Colliers International has just launched its recent research piece “COVID-19 & Industrial Production - The Spring Relevance” where it discusses the importance of particular months for the manufacturing sector in the EMEA region as well as presents the outlook for the coming months.
Soon after the COVID-19 outbreak, a good share of manufacturing facilities across Europe, as with many other businesses, ceased operation to help protect employees from the spread of the virus and also as a means of countering the expected drop in demand going forward. The majority are now back up and running, but some are operating at a reduced capacity to respect health and safety guidelines for one, but also in some cases due to a drop in demand for certain goods and products, a build-up of inventory, or are awaiting materials and components as supply chains come back online.
Kevin Turpin, Regional Director of Research | CEE explains: “In terms of production activity over the spring months, we have analyzed how important the currently affected March-May period is for the industrial sector throughout the EMEA region. While huge parts of the EMEA economies were shut down like switching off a light, it is clear that restarting operations gradually in the subsequent months will mean the full recovery of lost business will take a fairly long period of time (at least a year, if IMF economic growth forecasts become reality)”.
European production cycles are extremely in tune with one and other. With a few exceptions, October and November stand out as either the first or second most relevant months for most countries we analysed. Looking at the heat-map, March and the May-July period also stand out as quite relevant.
The relevance of March and May for production sector in Germany, UK, Italy, Spain, Czechia, Belgium and Austria.
After gauging risks and adapting operations to new realities (also incorporating health and safety regulations), many operations have been restarted as of May 2020, though may not be at full capacity. Either way, this situation may well hold significant implications for the real estate sector as well, but for now, it is still too early to say where this will all land. Some companies have lost out on some of their most lucrative months.
March and May are two of the biggest production months over the course of the year - March is the second biggest month for output in Italy, Spain and Czechia and the biggest for Germany, UK, Belgium and Austria. Fortunately, April is of less importance in terms of production output due to the Easter holidays.
March and May – the busiest months for the automotive sector
For the automotive sector, which is one of the staples of European industry and generates close to 1 in every 10 jobs in manufacturing directly, March is the busiest month of the year for some of the continent’s biggest producers - Germany, France, UK, Poland and Romania. For Spain and Italy, May is the biggest month in the automotive industry. Faced with having to catch up on reduced output in March & May, this could change the typical activity curve in 2020, with busier summer months ahead to make up for lost time. The risk of a second COVID-19 wave is very real, so producers will need to mitigate against this and the subsequent risk that output is curtailed during the peak output months of October-November.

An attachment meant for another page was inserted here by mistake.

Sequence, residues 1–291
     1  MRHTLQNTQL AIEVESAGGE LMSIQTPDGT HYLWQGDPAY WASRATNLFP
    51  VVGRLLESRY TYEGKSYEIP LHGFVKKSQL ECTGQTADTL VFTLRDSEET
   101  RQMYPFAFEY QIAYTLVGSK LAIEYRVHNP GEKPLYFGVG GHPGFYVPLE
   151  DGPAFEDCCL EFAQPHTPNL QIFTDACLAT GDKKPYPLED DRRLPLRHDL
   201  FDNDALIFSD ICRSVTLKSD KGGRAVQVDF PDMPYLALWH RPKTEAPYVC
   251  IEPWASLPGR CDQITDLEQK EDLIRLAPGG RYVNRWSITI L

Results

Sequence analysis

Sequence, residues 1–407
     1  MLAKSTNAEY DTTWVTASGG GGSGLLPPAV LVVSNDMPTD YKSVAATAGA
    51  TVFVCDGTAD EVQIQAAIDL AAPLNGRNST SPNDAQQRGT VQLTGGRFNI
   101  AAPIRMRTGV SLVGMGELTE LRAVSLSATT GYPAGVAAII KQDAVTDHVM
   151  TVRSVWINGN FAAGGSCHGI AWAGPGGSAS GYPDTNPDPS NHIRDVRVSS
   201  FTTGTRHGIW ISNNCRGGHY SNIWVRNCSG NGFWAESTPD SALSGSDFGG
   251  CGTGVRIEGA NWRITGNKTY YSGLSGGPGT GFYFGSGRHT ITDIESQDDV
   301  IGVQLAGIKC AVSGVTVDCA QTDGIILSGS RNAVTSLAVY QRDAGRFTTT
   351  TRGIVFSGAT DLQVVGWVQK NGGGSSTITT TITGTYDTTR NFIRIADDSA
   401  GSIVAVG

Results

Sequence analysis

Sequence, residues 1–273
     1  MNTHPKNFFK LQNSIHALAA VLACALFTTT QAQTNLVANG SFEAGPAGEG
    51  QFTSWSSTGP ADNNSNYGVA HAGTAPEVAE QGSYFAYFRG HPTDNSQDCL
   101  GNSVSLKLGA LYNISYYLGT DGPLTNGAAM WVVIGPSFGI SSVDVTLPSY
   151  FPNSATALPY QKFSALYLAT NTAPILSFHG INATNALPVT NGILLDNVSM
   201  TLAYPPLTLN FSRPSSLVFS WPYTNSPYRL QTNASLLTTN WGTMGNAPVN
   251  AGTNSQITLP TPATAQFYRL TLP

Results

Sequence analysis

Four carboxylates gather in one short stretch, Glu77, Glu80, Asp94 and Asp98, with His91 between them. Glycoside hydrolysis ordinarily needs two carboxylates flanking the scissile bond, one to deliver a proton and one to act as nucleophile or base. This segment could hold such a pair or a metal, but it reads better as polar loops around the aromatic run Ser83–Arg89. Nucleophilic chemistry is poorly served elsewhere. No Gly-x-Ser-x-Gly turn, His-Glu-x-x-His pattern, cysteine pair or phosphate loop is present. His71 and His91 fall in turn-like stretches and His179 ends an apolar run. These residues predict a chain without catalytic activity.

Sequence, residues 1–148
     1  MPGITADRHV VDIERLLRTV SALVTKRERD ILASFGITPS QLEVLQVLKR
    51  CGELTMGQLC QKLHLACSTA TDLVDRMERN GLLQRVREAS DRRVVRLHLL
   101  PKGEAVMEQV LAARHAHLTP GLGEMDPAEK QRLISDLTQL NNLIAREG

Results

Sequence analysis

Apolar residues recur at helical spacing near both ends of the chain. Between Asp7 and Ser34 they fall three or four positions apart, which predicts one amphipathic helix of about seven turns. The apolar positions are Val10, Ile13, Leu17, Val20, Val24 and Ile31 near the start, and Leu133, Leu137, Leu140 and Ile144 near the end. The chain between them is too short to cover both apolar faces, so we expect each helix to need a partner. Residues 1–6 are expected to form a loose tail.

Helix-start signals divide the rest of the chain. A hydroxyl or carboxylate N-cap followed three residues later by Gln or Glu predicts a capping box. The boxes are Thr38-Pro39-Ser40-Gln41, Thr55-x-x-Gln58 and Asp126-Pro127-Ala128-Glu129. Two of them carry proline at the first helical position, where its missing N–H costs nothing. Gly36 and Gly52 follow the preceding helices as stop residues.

Generally speaking, while the spring period is quite important, (except April or the Easter month) the October-November period is by far the most active. This means that any potential second COVID-19 wave hitting production activities during late autumn-early winter months may be even more significant. Although nobody can forecast this, it is a risk scenario worth considering, particularly given how big these months are. Consequently, we would expect production activities to be adapted via increased output in summer months, with companies maybe stockpiling more inventories than they would normally like and maybe increasing the need for more flexible leasing arrangements during these challenging times and going forward.
Silviu Pop, Head of Research, Romania debates: “The new reality of higher inventories may lead to a somewhat higher need for short-term storage options, though the longer-term picture is for sure, less clear, amid diverging trends. Potentially lower demand going forward (as consumers switch to a more cautious mindset) could be pitted against a decentralization of output and warehousing options, leading to higher demand for I&L operations. Right now, in May 2020, it is quite unsure which side of the argument is stronger, though the strong growth story some markets have seen in the last decades offer some reasons for optimism.”